The Private School Admissions Game
It seems kids just can’t get a break these days. Playing on the streets isn’t as safe as it used to be, moms are stricter than ever about indulging in junk food, and social security will probably go bust long before they are able to cash in. To top it all off, if they want to go to private school in most big cities, they and their parents are subjected to a grueling admissions process—starting with preschool. For parents, it can be daunting and downright befuddling. Which schools to pick, when to start applying, what to say in the interviews, what to write in the applications papers, whom to call on for help…it’s a whole new area of know-how. According to Christina Simon, co-author of Beyond the Brochure: An Insider’s Guide to Private Elementary Schools in Los Angeles, there’s a lot to learn. “You need to know both the stated rules and the hidden rules,” she told a roomful of prospective parents (including a pregnant mom and husband getting a jump on things) at a recent seminar in Brentwood. Simon’s book, along with her blog, can calm parents’ nerves, giving the inside scoop on navigating the murky waters and figuring out the sometimes secretive and highly competitive world of private school admissions. The book was written specifically about L.A. schools, but can certainly apply to other cities as well. Here, we ask Christina some questions about what’s often referred to as “the game.” —Gaia Guidi Filippi
What are the “types” of private schools and how can a family figure out what will work best for them?
The categories are generally traditional/academic, developmental/progressive, and religious. Each is based on a specific educational system, though many schools are hybrids of several philosophies. For many parents, it’s helpful to begin by assessing their own education. What type of school did they attend? Would they want a similar school for their child? I attended big, traditional public schools in L.A. and knew I wanted something smaller and more nurturing for my kids. Also, look at your child’s learning style and personality.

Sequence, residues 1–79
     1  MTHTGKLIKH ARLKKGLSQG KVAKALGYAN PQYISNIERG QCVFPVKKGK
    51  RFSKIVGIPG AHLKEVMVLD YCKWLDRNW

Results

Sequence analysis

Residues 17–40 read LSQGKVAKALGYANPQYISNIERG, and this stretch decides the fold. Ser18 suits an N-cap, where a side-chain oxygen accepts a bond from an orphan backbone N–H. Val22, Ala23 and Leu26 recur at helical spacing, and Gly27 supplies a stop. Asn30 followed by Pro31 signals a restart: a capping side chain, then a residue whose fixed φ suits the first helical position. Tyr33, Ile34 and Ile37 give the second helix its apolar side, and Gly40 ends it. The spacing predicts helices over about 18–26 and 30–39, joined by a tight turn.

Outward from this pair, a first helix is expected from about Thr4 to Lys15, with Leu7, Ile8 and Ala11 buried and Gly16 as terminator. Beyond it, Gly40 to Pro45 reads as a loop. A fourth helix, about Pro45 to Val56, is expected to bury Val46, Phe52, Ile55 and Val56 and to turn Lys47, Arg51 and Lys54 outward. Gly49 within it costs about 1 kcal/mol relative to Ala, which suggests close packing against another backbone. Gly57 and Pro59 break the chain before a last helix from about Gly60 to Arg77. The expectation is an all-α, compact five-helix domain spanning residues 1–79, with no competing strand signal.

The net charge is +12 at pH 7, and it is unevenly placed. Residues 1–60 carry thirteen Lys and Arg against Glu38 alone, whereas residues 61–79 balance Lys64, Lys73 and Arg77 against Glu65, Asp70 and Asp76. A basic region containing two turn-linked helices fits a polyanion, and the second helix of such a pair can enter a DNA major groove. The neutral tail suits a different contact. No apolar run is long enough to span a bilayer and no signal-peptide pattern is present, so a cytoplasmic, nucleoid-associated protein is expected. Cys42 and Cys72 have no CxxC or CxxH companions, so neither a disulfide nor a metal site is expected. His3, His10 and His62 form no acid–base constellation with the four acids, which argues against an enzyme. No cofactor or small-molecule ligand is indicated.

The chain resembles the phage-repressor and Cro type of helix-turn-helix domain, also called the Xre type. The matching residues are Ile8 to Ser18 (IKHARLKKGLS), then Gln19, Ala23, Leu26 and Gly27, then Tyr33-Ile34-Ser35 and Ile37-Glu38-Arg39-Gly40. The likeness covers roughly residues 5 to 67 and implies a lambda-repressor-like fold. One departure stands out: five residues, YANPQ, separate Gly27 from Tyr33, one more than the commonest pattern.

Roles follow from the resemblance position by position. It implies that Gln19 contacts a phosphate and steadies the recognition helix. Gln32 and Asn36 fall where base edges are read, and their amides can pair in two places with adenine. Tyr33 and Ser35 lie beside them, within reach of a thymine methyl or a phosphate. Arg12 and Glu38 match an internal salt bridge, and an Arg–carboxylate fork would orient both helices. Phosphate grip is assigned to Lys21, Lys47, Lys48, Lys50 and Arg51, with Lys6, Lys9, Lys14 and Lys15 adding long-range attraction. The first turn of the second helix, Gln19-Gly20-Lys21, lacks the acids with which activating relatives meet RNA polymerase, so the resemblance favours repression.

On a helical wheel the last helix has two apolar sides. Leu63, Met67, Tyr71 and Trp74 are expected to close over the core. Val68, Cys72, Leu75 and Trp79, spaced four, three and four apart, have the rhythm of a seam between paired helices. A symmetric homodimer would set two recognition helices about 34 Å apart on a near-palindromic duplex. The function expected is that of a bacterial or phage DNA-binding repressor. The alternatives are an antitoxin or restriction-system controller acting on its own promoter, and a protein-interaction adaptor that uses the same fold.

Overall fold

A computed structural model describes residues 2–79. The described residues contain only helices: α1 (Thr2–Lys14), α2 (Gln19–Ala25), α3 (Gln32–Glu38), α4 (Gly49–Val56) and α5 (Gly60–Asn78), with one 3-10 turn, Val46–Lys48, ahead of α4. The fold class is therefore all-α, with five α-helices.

Nowadays, private school admissions seem as competitive as the Ivy League! How did this all came about?
Top private schools can get hundreds of applications for each open spot, so the competition is indeed fierce. Well-publicized budget cuts in large, urban public school districts have made many parents wary. Plus, the top colleges have become more competitive so this trickles down to the lower levels. Also, the concept of “feeder schools” (elementary schools that send a high percentage of its graduates to a particular secondary school) also drives competition to get in.
How and why did you set out to try to “demystify” the private school admissions process?
Beyond The Brochure came about after I went through the private elementary school admissions process for my daughter in L.A. It was a time-consuming endeavor and I had a lot of anxiety about the potentially uncertain outcome. I felt there wasn’t enough information available to help me. Private schools are not mandated to give families information like public schools.The school websites were factual, but the hidden rules of the game weren’t anywhere to be found other than conversations with people in the know.
What are some ways of making your child’s application stand out?
Don’t write a generic application and attempt to use it for all the schools, but describe how he/she would be a great fit for a particular place. Try to avoid cliché words like “gifted” or “leader.” Instead, give examples of how your child shows his/her leadership qualities. Always describe your child in an honest and meaningful way.